Kessie Nair's brother testifies: 'I noticed changes in his mental state'



Krishnan Nair, the brother of Kessie Nair – the former Durban counselor and convicted fraudster who called President Cyril Ramaphosa the k-word in a Facebook video – told the Verulam Family Court on Monday that his brother had gone for psychiatric treatment while he was incarcerated at Westville Prison in Durban.

Krishnan was called by the State to testify in her application for 28 days.

Katie has been charged with six counts of crimes injuria and two of incitement or public violence after he called Ramaphosa the k-word in a widely circulated Facebook video.

Krishnan said they were told by the Westville prison about his brother's mental problem.

"We were told that my brother needed medical attention from a psychiatrist," he said.

He said he also noticed "changes" in Kessie's mental state on his numerous visits while his brother was in jail, and when he was released from prison.

"Over the past couple of years, and on the days of his incarceration up to his release and when I visited him, he was not the same, he had changed," he said.

He also said that something was not right with Kessie, from what he had been posting on social media.

No treatment

Krishnan showed that his brother had been asked about this, "but he did not go".

Krishnan said he issued a statement shortly after Kessie posted the defamatory as he and his other brother Ravi were concerned about Kessie's mental condition.

"It is not something that we wanted to associate ourselves with," he said.

Krishnan said he had also asked for assistance from the authorities that he had issued on behalf of the Nair family.

"I had asked authorities to assist you in getting him into a medical rehab," he said.

Krishnan, who told the court that he had a degree in marketing and sales and a degree in finance, said Kessie was not receiving any illness when he was asked by his brother's lawyer Chris Gounden during cross-examination.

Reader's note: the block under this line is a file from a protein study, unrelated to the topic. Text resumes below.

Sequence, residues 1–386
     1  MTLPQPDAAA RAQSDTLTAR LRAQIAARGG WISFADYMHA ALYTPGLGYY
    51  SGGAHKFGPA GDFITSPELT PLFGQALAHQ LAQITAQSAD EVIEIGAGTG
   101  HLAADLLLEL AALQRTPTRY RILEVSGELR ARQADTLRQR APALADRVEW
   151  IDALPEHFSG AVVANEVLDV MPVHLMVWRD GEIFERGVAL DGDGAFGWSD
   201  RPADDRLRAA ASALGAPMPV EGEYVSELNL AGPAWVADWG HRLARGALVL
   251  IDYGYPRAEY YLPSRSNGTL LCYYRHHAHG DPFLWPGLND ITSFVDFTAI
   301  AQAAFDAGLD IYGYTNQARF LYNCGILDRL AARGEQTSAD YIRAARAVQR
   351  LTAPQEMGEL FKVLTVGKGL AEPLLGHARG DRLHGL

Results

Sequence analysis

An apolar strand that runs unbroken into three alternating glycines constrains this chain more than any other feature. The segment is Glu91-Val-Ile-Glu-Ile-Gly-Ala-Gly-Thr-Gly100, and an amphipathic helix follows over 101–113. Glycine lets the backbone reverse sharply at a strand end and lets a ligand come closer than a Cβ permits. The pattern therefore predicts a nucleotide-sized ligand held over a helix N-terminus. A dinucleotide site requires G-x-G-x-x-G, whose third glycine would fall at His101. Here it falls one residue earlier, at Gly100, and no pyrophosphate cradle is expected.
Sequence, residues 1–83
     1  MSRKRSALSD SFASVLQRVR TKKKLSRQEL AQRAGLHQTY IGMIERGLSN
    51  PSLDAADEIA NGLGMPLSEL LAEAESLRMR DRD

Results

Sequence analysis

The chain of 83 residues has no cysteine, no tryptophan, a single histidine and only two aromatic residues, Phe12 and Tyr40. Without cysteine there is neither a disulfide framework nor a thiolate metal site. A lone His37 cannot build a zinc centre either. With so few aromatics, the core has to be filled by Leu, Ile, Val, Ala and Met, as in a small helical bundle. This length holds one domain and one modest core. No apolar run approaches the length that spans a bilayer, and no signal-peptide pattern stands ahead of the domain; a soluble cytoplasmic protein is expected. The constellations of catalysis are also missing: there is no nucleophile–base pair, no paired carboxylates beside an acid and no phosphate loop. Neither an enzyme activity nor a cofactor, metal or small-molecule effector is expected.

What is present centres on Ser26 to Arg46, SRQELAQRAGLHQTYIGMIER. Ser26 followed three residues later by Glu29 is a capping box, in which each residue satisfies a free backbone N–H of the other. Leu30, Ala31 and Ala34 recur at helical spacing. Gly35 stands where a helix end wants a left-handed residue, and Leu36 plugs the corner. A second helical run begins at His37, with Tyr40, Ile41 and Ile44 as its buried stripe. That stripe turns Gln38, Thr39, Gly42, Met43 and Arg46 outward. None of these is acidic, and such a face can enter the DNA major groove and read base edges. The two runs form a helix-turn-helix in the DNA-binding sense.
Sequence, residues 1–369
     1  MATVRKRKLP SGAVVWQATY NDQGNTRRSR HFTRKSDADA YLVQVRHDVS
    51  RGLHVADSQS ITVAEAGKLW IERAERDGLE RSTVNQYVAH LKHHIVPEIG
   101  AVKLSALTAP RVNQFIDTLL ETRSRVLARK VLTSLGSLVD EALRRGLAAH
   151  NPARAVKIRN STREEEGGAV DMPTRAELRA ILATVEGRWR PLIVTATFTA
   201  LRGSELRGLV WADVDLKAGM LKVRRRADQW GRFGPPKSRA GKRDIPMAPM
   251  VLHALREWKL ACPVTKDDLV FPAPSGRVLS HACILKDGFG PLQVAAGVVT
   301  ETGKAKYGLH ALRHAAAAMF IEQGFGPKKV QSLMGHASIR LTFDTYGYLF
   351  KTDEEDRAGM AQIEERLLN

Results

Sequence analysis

He said he had interacted with Kessie two days prior to the Facebook post.

"I had mentioned to him to not tag me on his social media posts," he said. He said within the last two years they had had quite a few interactions.

No observation for Sparrow, Momberg

Krishnan said he did not have any tasks to help his brother because he believed that Kessie's ex-wife was doing that.

He said he was approached by the Hawks after he posted the family statement on social media.

He admitted that he was an Alcoholics Anonymous member and had worked for the accused two years ago.

He testified that he had not touched alcohol for two and a half years.

Gounden said the fact that Kessie called Ramaphosa the k-word did not mean that he had a mental illness.

"You've heard about the likes of Penny Sparrow using the k-word and even (Vicki) Momberg, but they were never sent for mental illness [observation]"said Gounden.

Gounden argued that Kessie was found to be fit to trial in all his previous convictions.

"The court never found that I have put it to you that there is nothing wrong with your mental state," said Gounden.

Krishnan then immediately asked: "Are you an expert?"

Krishnan said Kessie did go for mental health assessment while still incarcerated.

Outstanding statements

He said if he asked for official records on his brother's mental state they would get them.

"I've been instructed that you were under the influence of alcohol at the time that you were not mentally well," Gounden said.

But Krishnan said it was not just his view but his brother Kessie's ex-wife and their other brother, Ravi, shared the same view.

He also denied that Ravi was coerced by the police to make a statement on Kessie's mental state.

Warrant Officer Ajay Lutchnan, who is investigating the case, told the court that investigations were at an advanced stage.

He said there were about 10 outstanding statements in the matter.

When Gounden asked him whether Ramaphosa had made a statement, the State objected before Lutchnan could answer.

Magistrate Ncumisa Gcolotela also said she could not allow the question.

The case continues.


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